|Jan/Feb 2007 Fiction Special|
If music be the food of love, then Ramirez, he be the chef of it. I'm talking five Michelin stars. I'm talking his own TV show, cookbooks, aprons, the lot. The way that guy plays a horn, that would make the coldest-hearted woman you ever saw melt right down into sweet hot chocolate for him, begging him with those bedroom eyes, and him always standing in those slick-as-an-oil-well suits, with that fine moustache and the hat. Always the hat. Ramirez, see, he's big on the hat. It's his trademark.
That night we was playing the Orleans Harp, Papa Bill on drums, myself on bass, Spherical Johnson on trumpet, and we was hitting all the right notes. Ramirez, man, he looked like the devil taking up a new instrument, and I guess he finally met his match. This lady in a red dress, the way she was dancing, all long limbs and movement like a cat, she was beautiful, she was graceful, but man she was cold, and I could see Ramirez was smitten with her. During the break, Papa said something to him.
"Just go and talk to her. She wants to talk to you, Joe."
But he was just standing, scared like a schoolboy, with two shots of whiskey in his glass. Spherical was telling me he'd like her for himself, but that guy was full of talk. He was standing with that tiny silver fork of his, eating sardines out of a can. That's right. Wherever we went, even when they served us lobster, old Spherical still only ate canned fish. He was telling me about it then.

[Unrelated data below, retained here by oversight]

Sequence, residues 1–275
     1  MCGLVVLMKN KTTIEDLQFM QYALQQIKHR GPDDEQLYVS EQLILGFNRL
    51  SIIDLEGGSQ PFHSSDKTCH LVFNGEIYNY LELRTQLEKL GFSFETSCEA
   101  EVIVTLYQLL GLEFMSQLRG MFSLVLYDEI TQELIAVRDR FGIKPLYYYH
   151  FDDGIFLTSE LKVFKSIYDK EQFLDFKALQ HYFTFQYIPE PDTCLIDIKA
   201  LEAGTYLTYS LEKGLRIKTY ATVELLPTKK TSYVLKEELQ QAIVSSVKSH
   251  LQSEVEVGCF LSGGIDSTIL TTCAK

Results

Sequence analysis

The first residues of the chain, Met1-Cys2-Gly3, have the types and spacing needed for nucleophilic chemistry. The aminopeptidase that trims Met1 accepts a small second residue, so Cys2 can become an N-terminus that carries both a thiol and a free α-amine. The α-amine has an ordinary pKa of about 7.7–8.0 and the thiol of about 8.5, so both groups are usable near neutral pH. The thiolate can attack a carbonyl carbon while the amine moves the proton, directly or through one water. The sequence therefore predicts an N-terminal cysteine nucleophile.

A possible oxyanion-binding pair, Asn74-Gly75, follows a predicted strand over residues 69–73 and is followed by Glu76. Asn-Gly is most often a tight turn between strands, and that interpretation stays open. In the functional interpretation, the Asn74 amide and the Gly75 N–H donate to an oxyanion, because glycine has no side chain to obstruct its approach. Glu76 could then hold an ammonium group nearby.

"See, canned food is healthy, cause it's cleaner, see. All the bacteria gets cooked out of the food, see. And it's bacteria's gone kill you." Now if he was right or wrong about that, I'm not sure, but with that big gut of his and always stinking of fish, and with that tiny little fork he carried, it was hard to take him seriously, so I joined in with the fun conversation.
"I'll put ten dollars on it," I said to Ramirez. "Ten dollars says you won't get her into bed tonight."
"That's cheap," he said.
"I'll match your ten," said Papa. "I got faith in my man over here." He slapped him on the back.
"Don't go changing money over a thing like this," said Ramirez, and we went back on stage.
The second set was intense, and it ran on and on. The room was shaking by the time we finished, and sure enough Ramirez left with the lady on his arm, the two of them smiling and chatting, wide-eyed and excited, with that hunger new lovers have for each other.
When he surfaced in the morning, I placed $10 next to Papa Bill's plate, as Ramirez waltzed in whistling some old song. Papa picked at it, but Ramirez, he took it from Papa's hand, brought another from his pocket, folded them together and handed them to me, running his fingers through his hair with the broadest grin I've seen. He'd left his hat behind. That's how I knew he was in love.